Friday, February 8, 2008
Evidence And Ethics 10: Professor Imwinkelried's Clarifying the Curative Admissibility Doctrine: Using the Principles of Forfeiture and Deterrence to Shape the Relief for an Opponent's Evidentiary Misconduct
UC Davis School of Law Professor Edward J. Imwinkelried's contribution to the Evidence and Ethics Symposium is his article, Clarifying the Curative Admissibility Doctrine: Using the Principles of Forfeiture and Deterrence to Shape the Relief for an Opponent's Evidentiary Misconduct. Professor Imwinkelried begins by noting that under the "doctrine, if the opposing attorney injects inadmissible evidence into the record, the trial judge may allow the injured party to respond in kind to cure the damage done by the introduction of the inadmissible evidence." In determining whether and how to apply this doctrine, judges must ask themselves two questions: (1) Should I permit the innocent party to respond with otherwise inadmissible rebuttal evidence, and (2) If so, how far should I go? Unfortunately, as Imwinkelried notes, the parameters of this doctrine are poorly defined, with courts often blurring the distinctions between curative admissibility and related doctrines such as specific contradiction impeachment in answering these questions.
In Part I of his article, Imwinkelried argues that judges should look at the forfeiture principle in answering the initial question and the deterrence principle in answering the second. In other words, in determining whether he should permit the innocent party to respond with otherwise inadmissible rebuttal evidence, the judge should focus on the prejudicial nature of the improperly admitted evidence, not the subjective intent of the party/attorney who admitted the wrongful evidence. In determining how far he should go, the judge should be guided by what ruling will deter future evidentiary violations and encourage compliance with evidentiary norms.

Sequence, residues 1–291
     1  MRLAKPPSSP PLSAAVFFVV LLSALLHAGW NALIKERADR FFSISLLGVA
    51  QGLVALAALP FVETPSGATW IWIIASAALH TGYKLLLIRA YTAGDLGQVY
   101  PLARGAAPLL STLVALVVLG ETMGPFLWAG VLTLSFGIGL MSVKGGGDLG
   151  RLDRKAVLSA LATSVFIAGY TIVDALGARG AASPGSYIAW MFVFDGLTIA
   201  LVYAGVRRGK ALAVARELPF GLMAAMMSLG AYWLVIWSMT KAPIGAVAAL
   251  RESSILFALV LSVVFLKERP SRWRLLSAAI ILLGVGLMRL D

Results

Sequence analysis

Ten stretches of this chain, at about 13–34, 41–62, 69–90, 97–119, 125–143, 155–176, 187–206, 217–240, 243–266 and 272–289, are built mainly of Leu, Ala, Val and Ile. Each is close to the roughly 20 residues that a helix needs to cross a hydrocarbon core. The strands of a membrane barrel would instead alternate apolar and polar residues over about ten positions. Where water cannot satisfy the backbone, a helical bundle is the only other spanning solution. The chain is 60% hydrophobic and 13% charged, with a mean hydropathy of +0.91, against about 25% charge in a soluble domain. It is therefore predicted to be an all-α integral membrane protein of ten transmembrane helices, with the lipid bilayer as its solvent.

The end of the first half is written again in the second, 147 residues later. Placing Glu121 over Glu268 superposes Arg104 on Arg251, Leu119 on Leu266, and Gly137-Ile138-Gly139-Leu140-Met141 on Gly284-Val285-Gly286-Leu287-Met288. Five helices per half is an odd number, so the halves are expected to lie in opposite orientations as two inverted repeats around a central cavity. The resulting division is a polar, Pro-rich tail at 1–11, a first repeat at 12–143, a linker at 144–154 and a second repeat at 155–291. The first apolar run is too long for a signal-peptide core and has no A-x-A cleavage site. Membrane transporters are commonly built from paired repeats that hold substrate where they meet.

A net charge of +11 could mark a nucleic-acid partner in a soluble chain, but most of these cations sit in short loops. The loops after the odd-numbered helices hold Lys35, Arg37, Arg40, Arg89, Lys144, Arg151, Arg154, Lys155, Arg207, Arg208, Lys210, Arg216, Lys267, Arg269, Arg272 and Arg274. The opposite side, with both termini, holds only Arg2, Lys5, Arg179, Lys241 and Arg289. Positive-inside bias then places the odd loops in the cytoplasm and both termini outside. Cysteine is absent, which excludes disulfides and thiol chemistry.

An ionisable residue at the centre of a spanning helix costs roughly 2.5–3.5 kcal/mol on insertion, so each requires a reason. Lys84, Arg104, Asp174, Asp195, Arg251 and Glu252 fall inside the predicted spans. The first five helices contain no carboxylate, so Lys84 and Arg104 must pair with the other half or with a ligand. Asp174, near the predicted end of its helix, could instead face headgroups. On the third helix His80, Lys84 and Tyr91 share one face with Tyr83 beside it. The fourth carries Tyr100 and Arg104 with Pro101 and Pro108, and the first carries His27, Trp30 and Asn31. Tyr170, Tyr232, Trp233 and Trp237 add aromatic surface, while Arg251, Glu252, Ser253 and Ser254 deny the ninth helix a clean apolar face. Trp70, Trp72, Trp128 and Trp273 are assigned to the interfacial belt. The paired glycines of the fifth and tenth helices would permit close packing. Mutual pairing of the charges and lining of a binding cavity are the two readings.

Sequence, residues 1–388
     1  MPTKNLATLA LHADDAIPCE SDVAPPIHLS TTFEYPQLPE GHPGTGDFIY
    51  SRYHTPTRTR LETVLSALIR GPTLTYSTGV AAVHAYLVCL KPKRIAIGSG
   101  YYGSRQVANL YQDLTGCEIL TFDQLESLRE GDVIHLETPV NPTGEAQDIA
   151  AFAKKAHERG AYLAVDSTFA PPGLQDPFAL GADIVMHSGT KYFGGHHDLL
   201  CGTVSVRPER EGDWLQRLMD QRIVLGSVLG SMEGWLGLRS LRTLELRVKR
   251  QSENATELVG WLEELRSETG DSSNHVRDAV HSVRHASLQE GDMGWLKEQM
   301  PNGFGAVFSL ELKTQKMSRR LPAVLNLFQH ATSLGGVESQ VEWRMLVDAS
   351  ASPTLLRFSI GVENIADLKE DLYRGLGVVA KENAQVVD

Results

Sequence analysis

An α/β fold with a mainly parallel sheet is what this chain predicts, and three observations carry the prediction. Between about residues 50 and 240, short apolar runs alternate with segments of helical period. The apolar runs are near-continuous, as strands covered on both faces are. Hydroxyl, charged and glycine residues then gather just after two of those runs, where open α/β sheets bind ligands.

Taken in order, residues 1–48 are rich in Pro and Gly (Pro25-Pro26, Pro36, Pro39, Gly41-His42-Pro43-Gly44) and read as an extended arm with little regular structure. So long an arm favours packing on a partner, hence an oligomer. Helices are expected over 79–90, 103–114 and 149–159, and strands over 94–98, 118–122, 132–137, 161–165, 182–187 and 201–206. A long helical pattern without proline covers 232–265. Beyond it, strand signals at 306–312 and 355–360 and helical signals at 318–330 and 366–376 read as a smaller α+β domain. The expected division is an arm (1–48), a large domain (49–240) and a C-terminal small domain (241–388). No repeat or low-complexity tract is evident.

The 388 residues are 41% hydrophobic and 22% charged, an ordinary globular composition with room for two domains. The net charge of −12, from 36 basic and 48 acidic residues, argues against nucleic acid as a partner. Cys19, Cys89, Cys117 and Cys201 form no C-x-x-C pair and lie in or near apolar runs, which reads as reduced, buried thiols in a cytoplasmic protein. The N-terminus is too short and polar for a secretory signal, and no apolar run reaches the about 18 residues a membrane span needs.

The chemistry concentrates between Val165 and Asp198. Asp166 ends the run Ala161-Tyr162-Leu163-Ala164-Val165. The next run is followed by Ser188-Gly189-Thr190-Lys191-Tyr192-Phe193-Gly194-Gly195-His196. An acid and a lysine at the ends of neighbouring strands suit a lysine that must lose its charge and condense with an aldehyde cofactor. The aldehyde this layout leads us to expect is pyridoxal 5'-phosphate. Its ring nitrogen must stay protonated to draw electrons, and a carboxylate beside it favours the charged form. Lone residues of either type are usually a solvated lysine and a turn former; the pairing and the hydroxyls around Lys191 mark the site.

In Part II, Imwinkelried considers whether his proposed method of applying the curative admissibility doctrine comports with the Federal Rules of Evidence. He contends that while there was no express reference to "forfeiture" before 1997, the "forfeiture by wrongdoing" exception was added as Federal Rule of Evidence 804(b)(6) in 1997, which could fuel the argument that the drafters explicitly approved of the forfeiture concept in only one context, impliedly disapproving of its use in other contexts. But he rejects this argument, looking at the rule's legislative history and how courts have continued to apply the forfeiture concept in other contexts post-1997. He also raises and rejects a similar argument under Federal Rule of Evidence 402, concluding, inter alia, that evidence admitted under his forumlation of the curative admissibility doctrine would clearly be "relevant to the issue injected by the opposing attorney...."
My favorite part of the article, however, is Imwinkelried's last argument, which focuses on Federal Rule of Evidence 102, which states that the Federal Rules of Evidence "shall be construed to secure fairness in administration, elimination of unjustifiable expense and delay, and promotion of growth and development of the law of evidence to the end that the truth may be ascertained and proceedings justly determined." I have taken a keen interest in Rule 102 lately, but it is a rule which courts have almost never applied in large part because, as Imwinkelried notes, its "text is vague in the extreme." And yet, its text must mean something, and Imwinkelried contends that we should define the phrase "justly determined" with reference to Federal Rule of Evidence 403, which states that "[a]lthough relevant, evidence may be excluded if its probative value is substantially outweighed by the danger of unfair prejudice, confusion of the issues, or misleading the jury, or by considerations of undue delay, waste of time, or needless presentation of cumulative evidence."
Imwinkelried argues that the concept of "unfair prejudice" is kindred to the notion of "injustice." Thus, focusing the curative admissibility doctrine's first question on "forfeiture" and thus the prejudicial nature of the improperly admitted evidence ensures that proceedings are "justly determined" under Rule 102.